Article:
Everyone faces moments in their lives when their personal confidence is challenged. For leaders, these moments can be especially daunting, as the success of their businesses often hinges on their ability to project a sense of self-assurance. While there is no single silver bullet for gaining confidence, there are definitely tactics that will work for everyone.
How well do you know yourself? Many people who lack confidence also lack self-awareness for the simple reason that they don’t like themselves and therefore avoid spending any amount of time thinking about themselves. If they do direct their thoughts inward, it’s usually to repeatedly flog themselves over their perceived flaws or past mistakes. If this sounds like you, give yourself a break. No, you’re not perfect, but who the heck is? Invest some time to intentionally work on your self-awareness. There are plenty of tools to help you, including assessments (I recommend the StrengthsFinder test), books, and feedback from trusted family and friends. Only when you know your strengths can you fully magnify them, and only when you’re aware of your weaknesses can you minimize their impact.
Turn Down Your Inner Critic
We are all harder on ourselves than we would ever be on other people. I discovered how vicious my inner critic is when a therapist asked me if I would say the things I say to myself to someone I love, and I was horrified at the thought. I would never! It was a stunning revelation to me. I’d lived my whole life mentally flogging myself for every mistake and flaw, real or imagined, without ever realizing how toxic it was. While you may not be able to silence your inner critic altogether (nor would you want to, as some criticism is constructive), there are steps you can take to tone it down. Affirmations are a great way to inject positive self-talk, and journaling can help clarify your feelings and recognize which internal feedback is accurate and rational. When in doubt, ask yourself if someone who loves you would agree with your criticism. Chances are that the people who want you to succeed won’t be found rehashing your embarrassing moment or absentmindedly pinching your love handles. Those are things we only do to ourselves, and we have the power to stop them.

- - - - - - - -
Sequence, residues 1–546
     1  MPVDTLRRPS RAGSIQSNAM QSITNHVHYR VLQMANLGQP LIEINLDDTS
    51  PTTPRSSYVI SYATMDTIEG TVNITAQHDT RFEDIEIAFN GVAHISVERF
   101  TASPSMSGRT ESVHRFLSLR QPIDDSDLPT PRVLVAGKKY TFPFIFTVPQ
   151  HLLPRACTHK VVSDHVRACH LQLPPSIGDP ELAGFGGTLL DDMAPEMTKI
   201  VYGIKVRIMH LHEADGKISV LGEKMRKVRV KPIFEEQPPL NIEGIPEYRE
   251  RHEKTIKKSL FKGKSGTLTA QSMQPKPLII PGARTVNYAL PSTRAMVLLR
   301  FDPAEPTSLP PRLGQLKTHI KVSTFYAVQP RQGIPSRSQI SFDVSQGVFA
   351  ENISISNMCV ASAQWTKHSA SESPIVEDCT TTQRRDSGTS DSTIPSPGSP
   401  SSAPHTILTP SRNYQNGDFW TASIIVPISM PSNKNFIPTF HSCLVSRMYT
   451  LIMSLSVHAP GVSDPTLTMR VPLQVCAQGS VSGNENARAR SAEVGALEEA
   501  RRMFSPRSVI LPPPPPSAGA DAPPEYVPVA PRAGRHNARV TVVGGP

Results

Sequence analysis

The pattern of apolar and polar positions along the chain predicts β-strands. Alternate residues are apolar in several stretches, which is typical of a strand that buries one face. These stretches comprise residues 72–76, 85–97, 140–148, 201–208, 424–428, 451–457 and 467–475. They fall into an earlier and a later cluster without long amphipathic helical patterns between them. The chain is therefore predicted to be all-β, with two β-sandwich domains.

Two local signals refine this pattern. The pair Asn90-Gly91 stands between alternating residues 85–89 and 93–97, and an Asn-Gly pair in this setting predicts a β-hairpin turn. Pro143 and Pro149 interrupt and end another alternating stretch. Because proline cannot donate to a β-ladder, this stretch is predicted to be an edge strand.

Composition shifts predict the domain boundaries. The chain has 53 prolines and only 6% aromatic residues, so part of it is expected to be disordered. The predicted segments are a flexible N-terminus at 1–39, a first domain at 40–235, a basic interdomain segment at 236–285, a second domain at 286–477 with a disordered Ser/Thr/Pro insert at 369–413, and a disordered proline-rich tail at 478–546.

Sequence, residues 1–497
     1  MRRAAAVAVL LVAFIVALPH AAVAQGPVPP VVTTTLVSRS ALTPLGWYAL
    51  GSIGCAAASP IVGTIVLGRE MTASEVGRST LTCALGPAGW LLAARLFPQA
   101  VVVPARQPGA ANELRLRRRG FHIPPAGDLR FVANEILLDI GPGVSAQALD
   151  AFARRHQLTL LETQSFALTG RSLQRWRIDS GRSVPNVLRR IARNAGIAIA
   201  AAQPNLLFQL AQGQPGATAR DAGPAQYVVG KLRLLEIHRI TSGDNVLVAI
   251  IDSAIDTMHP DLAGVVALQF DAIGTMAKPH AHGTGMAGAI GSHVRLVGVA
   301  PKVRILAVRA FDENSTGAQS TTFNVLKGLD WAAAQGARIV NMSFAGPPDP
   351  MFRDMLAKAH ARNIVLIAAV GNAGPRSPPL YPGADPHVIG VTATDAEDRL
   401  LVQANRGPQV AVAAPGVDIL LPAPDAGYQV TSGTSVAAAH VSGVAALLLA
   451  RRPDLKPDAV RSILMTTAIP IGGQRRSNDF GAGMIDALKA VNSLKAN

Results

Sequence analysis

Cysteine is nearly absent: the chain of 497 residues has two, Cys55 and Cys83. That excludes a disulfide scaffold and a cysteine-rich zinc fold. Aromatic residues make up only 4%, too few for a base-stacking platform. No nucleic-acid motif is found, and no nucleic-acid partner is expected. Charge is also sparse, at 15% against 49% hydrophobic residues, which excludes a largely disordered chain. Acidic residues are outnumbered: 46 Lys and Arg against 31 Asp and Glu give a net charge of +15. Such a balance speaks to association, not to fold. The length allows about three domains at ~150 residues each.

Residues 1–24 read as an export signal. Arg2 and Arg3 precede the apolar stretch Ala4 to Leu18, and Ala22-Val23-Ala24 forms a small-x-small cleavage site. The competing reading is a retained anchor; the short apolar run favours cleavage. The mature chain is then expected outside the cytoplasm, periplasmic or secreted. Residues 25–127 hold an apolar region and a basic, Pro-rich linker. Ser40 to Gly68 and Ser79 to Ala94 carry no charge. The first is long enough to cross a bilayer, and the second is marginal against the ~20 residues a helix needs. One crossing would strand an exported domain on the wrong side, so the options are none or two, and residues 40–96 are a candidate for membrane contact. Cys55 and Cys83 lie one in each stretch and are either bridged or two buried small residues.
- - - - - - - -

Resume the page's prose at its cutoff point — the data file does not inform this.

Develop Positive Habits
One of the biggest misunderstandings in the world is that confidence comes as a result of success or achievement. That is patently false! Confidence is a by-product of past behavior, therefore the best way to build confidence is to execute consistent behaviors that support your goals. There are lots of habit-building programs out there, but the one that I use is Streaking. Streaking works for me because I have clearly defined goals and “laughably simple” behaviors to support them. So simple, in fact, that there is no excuse not to do them. As an example, one of my goals is to be a lifelong learner and one of my streaks that supports it is to read at least one paragraph in a book each day. One paragraph by itself is trivial, but reading at least a paragraph each day for 838 days in a row (and counting!) has propelled me through more books and fostered much greater learning.
Personal Confidence Requires Consistency
Consistency is the key. Consistency is what creates sustainable confidence. A big promotion or major achievement can absolutely make you feel confident for a time, but unless you can get promoted or published or win a trophy every day then you’re setting yourself up for short peaks of confidence and long valleys of trying to get by on willpower alone. Spoiler alert: willpower doesn’t work.